24. 24. Applet Declaration <ul><li>Syntax (note difference from application declaration) public class ClassName extends JAapplet </li></ul>ClassName is an object that is a subclass of JApplet
  25. 25. Body of an Applet <ul><li>Note there is no main() method in an applet </li></ul><ul><ul><li>JApplet class provides other methods instead of a main method </li></ul></ul><ul><li>First method executed is the init() method </li></ul>
  26. 26. Applet Statements <ul><li>Declaration statements for Date are same as in previous example </li></ul><ul><li>Labels declared JLlabel greeting = new JLabel ( … ) </li></ul><ul><ul><li>freestanding strings of text </li></ul></ul><ul><ul><li>not part of a button or menu </li></ul></ul><ul><li>Content pane </li></ul><ul><ul><li>portion of window where label is added getContentPane().add(greeting) // add() method called // greeting is the parameter </li></ul></ul>
  27. 27. Applets and Web Pages – HTML <ul><li>Applets embedded in a web page </li></ul><ul><ul><li>Executed when web page loaded by browser </li></ul></ul><ul><li>Web pages structured with HTML codes </li></ul><ul><ul><li>H yper T ext M ark-up L anguage </li></ul></ul><ul><li>Syntax <command> . . . </command> </li></ul>Turns format on Turns the format off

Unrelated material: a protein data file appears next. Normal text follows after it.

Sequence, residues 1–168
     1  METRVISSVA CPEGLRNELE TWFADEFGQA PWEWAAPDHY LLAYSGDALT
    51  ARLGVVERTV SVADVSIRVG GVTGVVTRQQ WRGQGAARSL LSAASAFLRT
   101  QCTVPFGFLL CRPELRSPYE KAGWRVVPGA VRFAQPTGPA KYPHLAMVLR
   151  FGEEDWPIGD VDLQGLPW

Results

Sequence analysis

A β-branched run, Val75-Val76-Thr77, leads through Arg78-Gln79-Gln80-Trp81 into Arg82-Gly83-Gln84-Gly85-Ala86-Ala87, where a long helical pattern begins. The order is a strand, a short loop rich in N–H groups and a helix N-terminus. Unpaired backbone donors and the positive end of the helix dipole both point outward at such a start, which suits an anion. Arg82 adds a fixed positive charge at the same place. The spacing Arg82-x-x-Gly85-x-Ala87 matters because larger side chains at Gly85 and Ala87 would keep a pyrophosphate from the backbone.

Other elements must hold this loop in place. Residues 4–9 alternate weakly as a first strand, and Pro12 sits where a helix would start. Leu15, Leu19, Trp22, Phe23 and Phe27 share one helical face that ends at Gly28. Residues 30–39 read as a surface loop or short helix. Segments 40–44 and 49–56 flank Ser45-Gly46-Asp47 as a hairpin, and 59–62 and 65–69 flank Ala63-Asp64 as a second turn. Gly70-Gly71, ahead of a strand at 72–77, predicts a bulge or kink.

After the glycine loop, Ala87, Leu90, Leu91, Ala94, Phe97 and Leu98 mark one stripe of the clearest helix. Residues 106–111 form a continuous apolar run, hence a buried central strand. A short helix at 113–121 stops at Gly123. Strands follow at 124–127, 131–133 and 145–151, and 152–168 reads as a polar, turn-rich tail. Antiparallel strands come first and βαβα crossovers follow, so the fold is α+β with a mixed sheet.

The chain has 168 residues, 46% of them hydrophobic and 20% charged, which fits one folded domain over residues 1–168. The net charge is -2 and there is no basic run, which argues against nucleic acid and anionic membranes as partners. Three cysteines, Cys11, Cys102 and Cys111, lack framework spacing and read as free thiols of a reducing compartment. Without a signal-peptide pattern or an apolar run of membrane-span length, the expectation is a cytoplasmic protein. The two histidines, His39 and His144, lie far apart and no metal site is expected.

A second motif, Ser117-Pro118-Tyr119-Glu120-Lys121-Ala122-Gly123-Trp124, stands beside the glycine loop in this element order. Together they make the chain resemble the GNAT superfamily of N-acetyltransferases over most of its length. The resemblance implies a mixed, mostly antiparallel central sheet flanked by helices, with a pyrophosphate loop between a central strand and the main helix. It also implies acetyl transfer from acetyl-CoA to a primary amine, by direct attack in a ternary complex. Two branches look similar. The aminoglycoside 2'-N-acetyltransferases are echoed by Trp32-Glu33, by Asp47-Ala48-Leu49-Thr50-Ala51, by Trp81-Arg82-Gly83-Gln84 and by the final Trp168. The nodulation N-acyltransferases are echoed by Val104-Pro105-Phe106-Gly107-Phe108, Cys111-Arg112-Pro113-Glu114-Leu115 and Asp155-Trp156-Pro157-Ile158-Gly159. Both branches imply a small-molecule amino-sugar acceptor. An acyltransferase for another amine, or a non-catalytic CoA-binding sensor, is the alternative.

28. 28. Applets and Web Pages – HTML <ul><li>Embedding Java applets </li></ul><ul><ul><li>Insert applet tags <APPLET> </APPLET> </li></ul></ul><ul><li>Call the specific applet by its file name </li></ul><ul><ul><li><APPLET CODE = &quot;Whatever.class&quot; WIDTH = nnn HEIGHT = mmmm> <APPLET> </li></ul></ul><ul><ul><li>Where nnn and mmm are specific pixel sizes </li></ul></ul>
  29. 29. Applets and Web Pages – HTML <ul><li>Create the web page code using a text editor </li></ul><ul><li>Save it with an .html suffix </li></ul><ul><li>Open this file with appletviewer or with a web browser that supports Java </li></ul><HTML> <HEAD> </HEAD> <BODY> <APPLET CODE = . . . > </APPLET> </BODY> </HTML>
  30. 30. Applets and Web Pages – HTML <ul><li>Client Web browser anywhere can access this web page from its host server </li></ul><ul><li>Embedded Java applet runs on client browser (of any type platform) </li></ul><ul><li>This means a client anywhere on any type of platform can run a piece of software developed on any other type of platform </li></ul>Platform Independence